May 27, 2011

Maine State Police Pipe and Drum Unit

(From left, Detective Scott Gosselin, Trooper Kyle Willette, Trooper Trevor Snow, and Trooper William Plourde. The Maine State Police Pipe and Drum Unit performs at various functions around the state, including the 20th BLETP Graduation on May 13. Members also performed at the Law Enforcement Memorial in Augusta on May 12.)

By Katy England
edge staff writer

When you think of all the specialized units that come under the purview of the Maine State Police, musical talent may not be the first thing that leaps to mind. However, for the past 15 years, there has been a group of dedicated souls that make up the Maine State Police Pipe and Drum Unit. The ensemble consists of bagpipers and snare, tenor, and bass drummers.
The unit was formed back in 1996 by Scott Nichols, Jim Jones, Lance McCleish and Rick McAlister with the first performance being held in 1998. Nichols and Jones spent undertook the considerable challenge of learning how to play the bagpipes from scratch.
“I’ve always been a drummer, and I played in bands even when I wasn’t working as a trooper,” said McAlister in a phone interview. “I happened to be teaching a class, and there was a student from the New Hampshire in a pipe and drum unit who invited me down to the graduation. I saw them perform and decided we could put something together.”
McAlister said the group purchased all of their own equipment – which, when you consider that the instruments were between $600 to $800 and the kilt and accessories cost around $300 to $500, is no small investment – and began recruiting people to come and play.
The members of the Pipe and Drum Unit are spread all over the state, making rehearsal time a premium.
But the unit dedicates a lot of time to mastering a small repertoire of music, so when they do perform, they sound great.
And unlike other specializations, not all of the members of the unit are sworn troopers. But there is a tie to public safety, be it the director of Maine Emergency Services or the Maine Department of Environmental Protection.
Currently the unit is made up of Trooper Trevor Snow, Trooper Kyle Willette, Retired Lieutenant Gerard “Red” Therian, DEP/Senior Environmental Engineer Tim MacMillan, EMS Director Jay Bradshaw, Retired Sergeant Rick McAlister, Trooper William Plourde and Detective Scott Gosselin. There are a few newcomers who are also learning the ropes, but McAlister said it might be a little while before they’re ready for a live performance.
Finding musicians to dedicate the necessary time can be challenging, but that didn’t stop the two sworn troopers who currently play in the unit from picking up the bagpipes – from scratch. Bagpipes are notorious for being a difficult instrument to master, but Troopers Trevor Snow and Kyle Willette, like some of the founding members, met that challenge.
“When I worked at the academy, I was involved in some of the training classes. The pipe and drum unit has historically played for the graduating classes. The pipe and drum unit always interested me and I thought I’d like to learn to play the bagpipes,” said Snow in a phone interview. “I contacted Sgt. Nichols and Director Jay Bradshaw, who has functioned as Pipe Major, and he taught me how to play the bagpipes so I could join the unit.”
That makes it sound incredibly simple, but Snow noted it took him a year of dedicated practice before he played his first event with the Pipe and Drum Unit.
“If you’re starting from scratch it’s going to take a lot of work and a lot of practice,” said McAlister. “Maybe it’s just that thing that troopers have; for these guys to pick up an instrument – the bagpipes – and stay committed to it.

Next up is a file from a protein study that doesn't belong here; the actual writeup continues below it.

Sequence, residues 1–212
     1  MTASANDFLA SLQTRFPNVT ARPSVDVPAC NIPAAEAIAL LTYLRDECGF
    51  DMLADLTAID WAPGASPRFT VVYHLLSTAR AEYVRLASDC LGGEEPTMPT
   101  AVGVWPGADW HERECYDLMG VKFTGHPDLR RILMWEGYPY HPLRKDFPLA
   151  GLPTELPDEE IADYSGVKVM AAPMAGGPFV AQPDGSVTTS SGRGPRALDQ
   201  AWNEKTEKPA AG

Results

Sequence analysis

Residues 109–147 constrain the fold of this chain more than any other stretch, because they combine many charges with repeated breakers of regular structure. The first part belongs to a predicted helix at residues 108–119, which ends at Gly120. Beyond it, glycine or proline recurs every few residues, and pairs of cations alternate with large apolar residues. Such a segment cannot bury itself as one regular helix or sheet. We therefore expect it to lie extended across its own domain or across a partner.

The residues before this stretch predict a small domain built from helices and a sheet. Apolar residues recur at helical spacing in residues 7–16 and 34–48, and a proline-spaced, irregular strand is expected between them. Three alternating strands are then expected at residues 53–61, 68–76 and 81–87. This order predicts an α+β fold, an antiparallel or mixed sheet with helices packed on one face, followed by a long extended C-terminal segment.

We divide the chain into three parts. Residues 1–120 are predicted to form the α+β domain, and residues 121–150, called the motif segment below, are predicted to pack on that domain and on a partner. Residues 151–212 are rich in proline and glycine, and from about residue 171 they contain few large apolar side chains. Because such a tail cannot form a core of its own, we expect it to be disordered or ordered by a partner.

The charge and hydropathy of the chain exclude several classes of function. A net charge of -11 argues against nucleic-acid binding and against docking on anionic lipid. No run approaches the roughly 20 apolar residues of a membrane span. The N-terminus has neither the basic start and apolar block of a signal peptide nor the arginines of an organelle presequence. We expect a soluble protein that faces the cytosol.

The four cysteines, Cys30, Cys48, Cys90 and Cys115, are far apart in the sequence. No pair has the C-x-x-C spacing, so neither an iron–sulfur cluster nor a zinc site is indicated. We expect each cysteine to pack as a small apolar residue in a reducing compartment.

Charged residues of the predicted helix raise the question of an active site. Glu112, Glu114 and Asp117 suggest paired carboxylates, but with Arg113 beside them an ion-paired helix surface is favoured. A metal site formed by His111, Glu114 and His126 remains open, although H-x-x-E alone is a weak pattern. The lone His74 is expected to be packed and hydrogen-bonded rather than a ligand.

“I like it because it’s a unique representation for our agency. I’m able to represent the state police in a unique manner and it affords a nice opportunity to represent law enforcement as a whole,” said Snow.
The Pipe and Drum Unit performs at various functions across state and New England, including all of the Basic Law Enforcement graduations at the Maine Criminal Justice Academy since they combined the school 10 years ago. The unit also performs at memorial services, including the Law Enforcement Memorial that was held on May 19.

May 26, 2011

Col. Robert Williams names command staff

AUGUSTA – Colonel Robert Williams has selected the members of his central command staff for the State Police. Raymond Bessette will serve as the new deputy chief. The two majors will be Lt. Gary Wright, who will oversee the field troops and criminal investigation divisions, and Lt. Christopher Grotton, who will oversee everything else as head of support services.
Bessette is a 25-year State Police veteran who lives in Dedham and will serve as Lt. Colonel. For the past four years he has served as major in charge of support services, which includes the State Police crime lab, computer unit, the traffic division, the State Bureau of Identification, licensing and all the specialty response teams. He served as a lieutenant for six years, overseeing communications and special projects. As a trooper, he patrolled in Washington and Hancock counties as a member of Troop J. He also is a former commander of the State Police Dive Team.
Wright is a 23-year veteran who lives in Vassalboro. For the past six years, he has headed the Criminal Investigation Division in central Maine, investigating homicides and suspicious deaths. As a sergeant, he patrolled in Troop C (Skowhegan) and also served with the department’s internal affairs division. He is a former member of the State Police Tactical Team and also led the department’s Critical Incident Debriefing Team
Grotton is a 21-year veteran who lives in Glenburn. For the past nine years as a lieutenant, he has overseen the training and special services units and also the Traffic Safety Division. He is a graduate of the FBI National Academy and patrolled in Penobscot and Piscataquis counties as a trooper and sergeant for 12 years as a member of Troop E (Orono). Grotton also has served as the commander of the Incident Management Assistance Team (IMAT).

45 cadets graduate from MCJA